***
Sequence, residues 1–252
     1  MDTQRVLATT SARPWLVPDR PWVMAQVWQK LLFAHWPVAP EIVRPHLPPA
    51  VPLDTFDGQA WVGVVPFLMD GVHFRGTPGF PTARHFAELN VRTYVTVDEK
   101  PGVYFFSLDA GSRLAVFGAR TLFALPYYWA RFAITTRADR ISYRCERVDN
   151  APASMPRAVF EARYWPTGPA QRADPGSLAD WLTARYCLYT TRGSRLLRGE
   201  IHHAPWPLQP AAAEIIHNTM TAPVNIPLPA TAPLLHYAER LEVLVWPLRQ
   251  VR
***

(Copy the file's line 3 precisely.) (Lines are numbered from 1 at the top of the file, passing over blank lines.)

    51  VPLDTFDGQA WVGVVPFLMD GVHFRGTPGF PTARHFAELN VRTYVTVDEK